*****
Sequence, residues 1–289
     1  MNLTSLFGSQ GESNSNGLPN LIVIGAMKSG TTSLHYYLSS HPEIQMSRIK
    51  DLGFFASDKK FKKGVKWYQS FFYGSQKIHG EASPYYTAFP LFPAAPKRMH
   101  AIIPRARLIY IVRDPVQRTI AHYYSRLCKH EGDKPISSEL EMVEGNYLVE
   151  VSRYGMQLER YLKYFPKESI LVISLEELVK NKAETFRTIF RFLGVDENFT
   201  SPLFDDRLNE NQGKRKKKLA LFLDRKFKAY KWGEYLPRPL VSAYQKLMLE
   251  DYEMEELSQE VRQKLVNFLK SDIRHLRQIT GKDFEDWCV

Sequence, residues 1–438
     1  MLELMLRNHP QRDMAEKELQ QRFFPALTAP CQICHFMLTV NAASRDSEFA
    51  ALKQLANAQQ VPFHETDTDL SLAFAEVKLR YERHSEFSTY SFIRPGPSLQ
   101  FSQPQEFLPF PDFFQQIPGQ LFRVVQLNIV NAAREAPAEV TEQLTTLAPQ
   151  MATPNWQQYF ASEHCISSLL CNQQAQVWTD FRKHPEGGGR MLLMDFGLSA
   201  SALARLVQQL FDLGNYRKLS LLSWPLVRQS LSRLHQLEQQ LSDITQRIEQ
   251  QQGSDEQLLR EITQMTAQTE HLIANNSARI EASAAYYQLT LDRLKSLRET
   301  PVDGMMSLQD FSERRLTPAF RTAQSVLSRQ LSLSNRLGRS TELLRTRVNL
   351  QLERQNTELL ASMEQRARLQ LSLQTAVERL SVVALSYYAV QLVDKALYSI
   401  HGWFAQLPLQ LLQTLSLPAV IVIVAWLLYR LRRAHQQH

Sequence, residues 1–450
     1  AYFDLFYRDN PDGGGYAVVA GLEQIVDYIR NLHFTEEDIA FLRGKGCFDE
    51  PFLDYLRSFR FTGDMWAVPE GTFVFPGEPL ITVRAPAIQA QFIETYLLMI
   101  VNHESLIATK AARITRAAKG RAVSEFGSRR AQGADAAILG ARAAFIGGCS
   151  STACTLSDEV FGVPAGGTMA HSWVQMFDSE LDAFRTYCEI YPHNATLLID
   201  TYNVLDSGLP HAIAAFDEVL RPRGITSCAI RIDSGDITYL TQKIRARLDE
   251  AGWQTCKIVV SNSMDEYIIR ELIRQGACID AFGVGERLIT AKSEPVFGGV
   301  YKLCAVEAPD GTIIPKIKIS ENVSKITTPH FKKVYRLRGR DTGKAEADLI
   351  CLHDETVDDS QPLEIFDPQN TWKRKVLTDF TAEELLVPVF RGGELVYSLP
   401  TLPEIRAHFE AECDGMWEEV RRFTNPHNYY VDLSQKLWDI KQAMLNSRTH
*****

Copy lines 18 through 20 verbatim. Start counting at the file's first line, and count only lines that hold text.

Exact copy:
Sequence, residues 1–450
     1  AYFDLFYRDN PDGGGYAVVA GLEQIVDYIR NLHFTEEDIA FLRGKGCFDE
    51  PFLDYLRSFR FTGDMWAVPE GTFVFPGEPL ITVRAPAIQA QFIETYLLMI